So, put those 3 in parallel and still use the zener diode after that? If you've got the time, I'd love to know the science behind why 3 1ohm resistors would net 3 ohms, but 3 9ohm resistors parallel would result in 3 ohms (or did I get that wrong? lol). You guys are teaching me a ton tonight, I really appreciate it.
__________________
John Fivian
68 327
Reply With Quote
  #13  
Old Dec 23rd, 05, 10:16 PM
JimM JimM is offline
Gold Lifetime Member

Jim
 
Join Date: Dec 1999
Location: Yorkville, Illinois USA
Posts: 22,119
Default Re: 12VDC to 6VDC

You might just dummy it up, using the 3 1 ohm resisters and see what you get. What's the voltage at the motor and how hot are the resisters getting. Buy 4, start with all of them, and if you don't get enough voltage take one out, etc. The zener will put it at 6 volts and keep it there, but you gotta get close with the resisters or the zener will get too hot and burn up.

When i did my tach filter, I dummied it up on a breadboard so I could easily juggle the parts till i found values that worked. Once i had a functional circuit, I put it in a neater package.
__________________
JimM's firstgens.com Camaro Board

Jimragtop.com New website for my vert is coming together. Do ya like the slide show on the home page?
Reply With Quote
  #14  
Old Dec 23rd, 05, 10:27 PM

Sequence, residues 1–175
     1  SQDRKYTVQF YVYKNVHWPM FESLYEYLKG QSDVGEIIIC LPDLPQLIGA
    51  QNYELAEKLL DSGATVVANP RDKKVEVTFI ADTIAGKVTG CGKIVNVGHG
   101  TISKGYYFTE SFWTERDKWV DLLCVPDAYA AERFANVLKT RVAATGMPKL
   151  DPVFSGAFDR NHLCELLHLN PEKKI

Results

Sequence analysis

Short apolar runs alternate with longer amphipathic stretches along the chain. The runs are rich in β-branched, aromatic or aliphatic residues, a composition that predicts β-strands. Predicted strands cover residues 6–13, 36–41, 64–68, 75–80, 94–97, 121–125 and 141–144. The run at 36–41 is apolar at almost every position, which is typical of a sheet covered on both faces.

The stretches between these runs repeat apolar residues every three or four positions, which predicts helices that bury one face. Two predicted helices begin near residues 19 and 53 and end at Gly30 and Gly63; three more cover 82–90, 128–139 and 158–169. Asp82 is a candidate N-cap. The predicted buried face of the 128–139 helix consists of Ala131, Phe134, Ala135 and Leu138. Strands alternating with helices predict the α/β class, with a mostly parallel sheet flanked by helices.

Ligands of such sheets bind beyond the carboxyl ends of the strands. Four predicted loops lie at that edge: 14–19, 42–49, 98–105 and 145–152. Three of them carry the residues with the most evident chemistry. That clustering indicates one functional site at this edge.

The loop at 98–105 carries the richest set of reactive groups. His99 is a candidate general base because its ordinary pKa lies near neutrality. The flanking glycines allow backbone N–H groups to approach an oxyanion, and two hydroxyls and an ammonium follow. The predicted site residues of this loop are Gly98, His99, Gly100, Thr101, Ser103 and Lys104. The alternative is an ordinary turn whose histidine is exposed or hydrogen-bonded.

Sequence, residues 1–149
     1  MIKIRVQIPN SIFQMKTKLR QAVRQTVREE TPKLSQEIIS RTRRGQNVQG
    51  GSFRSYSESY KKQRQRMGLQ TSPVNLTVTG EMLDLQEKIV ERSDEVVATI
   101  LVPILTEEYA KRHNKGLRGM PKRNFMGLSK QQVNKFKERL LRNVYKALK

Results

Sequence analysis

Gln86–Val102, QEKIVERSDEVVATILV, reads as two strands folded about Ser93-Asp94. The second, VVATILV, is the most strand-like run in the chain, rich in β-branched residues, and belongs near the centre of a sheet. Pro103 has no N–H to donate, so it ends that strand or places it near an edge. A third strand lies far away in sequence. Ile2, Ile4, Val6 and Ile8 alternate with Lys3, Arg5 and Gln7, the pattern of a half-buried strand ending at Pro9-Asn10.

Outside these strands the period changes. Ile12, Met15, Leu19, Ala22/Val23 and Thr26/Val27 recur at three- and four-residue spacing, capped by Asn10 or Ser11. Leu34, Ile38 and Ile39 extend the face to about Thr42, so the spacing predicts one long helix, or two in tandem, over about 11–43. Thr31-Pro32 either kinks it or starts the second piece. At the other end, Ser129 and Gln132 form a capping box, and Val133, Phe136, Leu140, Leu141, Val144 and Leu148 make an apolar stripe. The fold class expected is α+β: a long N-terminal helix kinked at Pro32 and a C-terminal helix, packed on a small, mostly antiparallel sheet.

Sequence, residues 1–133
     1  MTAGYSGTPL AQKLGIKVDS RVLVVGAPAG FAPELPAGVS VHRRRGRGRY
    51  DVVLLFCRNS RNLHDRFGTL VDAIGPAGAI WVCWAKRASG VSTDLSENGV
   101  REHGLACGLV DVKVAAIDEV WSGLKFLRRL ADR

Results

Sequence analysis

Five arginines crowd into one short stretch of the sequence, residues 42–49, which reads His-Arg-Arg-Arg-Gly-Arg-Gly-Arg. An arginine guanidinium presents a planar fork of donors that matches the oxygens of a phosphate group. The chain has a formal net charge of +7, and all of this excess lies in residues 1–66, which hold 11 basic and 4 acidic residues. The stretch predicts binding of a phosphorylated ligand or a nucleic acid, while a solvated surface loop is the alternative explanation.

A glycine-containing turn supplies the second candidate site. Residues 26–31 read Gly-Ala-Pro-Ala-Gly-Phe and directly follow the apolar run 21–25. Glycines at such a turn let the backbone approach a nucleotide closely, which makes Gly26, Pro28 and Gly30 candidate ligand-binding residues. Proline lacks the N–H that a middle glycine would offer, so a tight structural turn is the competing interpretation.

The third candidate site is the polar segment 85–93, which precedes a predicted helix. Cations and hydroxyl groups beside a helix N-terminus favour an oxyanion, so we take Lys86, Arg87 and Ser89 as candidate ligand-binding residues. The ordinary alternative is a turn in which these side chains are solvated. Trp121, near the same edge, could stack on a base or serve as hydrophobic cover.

69-er's Avatar
69-er 69-er is offline
Gold Lifetime Member

Larry
 
Join Date: Oct 1999
Location: Alamogordo, NM, USA
Posts: 854
Default Re: 12VDC to 6VDC

It does seem smaller than I envisioned it. I think those resistors are about 1" long.

I'm not too sure about the zener diode, ask Jim about that.

There are formulas for calculating the total resistance in a circuit when using resistors in parallel. When using resistors in series, you add the the resistance values to get the total resistance.

In parallel, if all the resistors are the same, you simply divide the number of resistors into the resistance of the each resistor. For different values, this one way of doing it.



On a calculator, just take the reciprocal of each resistor and add them together. Then take the reciprocal of that answer to get the total resistance.

Larry
Reply With Quote
  #15  
Old Dec 23rd, 05, 10:41 PM
JHunter JHunter is offline
Senior Tech

John Fivian
 
Join Date: Dec 2003
Location: Fredericksburg, VA
Posts: 785
Default Re: 12VDC to 6VDC

So, maybe this will work?

Only problem I see now, is the only zener diodes at radio shack are 12v / 1watt or 5.1 volt / 1 watt. Although, lets see if I learned anything, could I then put 10 (or so) of the 5.1 volt / 1 watt zeners in parallel, resulting in 5.1 volt / 10 watt?

http://www.radioshack.com/search/ind...=zener%20diode

EDIT: Larry, JimM and Harley - thank you very much for the help tonight, you guys are awesome. Larry, thanks for the diagram for the resistance factor, it makes more sense now. I think I'll do like JimM suggested and spend a little time at R/S, bring home some toys and start tinkering. At least now, I actually have a grasp of what the different items do. Thanks again guys, you rock!
__________________
John Fivian
68 327
Reply With Quote
Sponsored Links
Advertisement
 
Reply

Thread Tools
Display Modes

Posting Rules
You may not post new threads
You may not post replies
You may not post attachments
You may not edit your posts

BB code is On
Smilies are On
[IMG] code is On
HTML code is Off

Forum Jump


All times are GMT -7. The time now is 11:17 PM.



Camaros.net - © 2009 AutoForums.com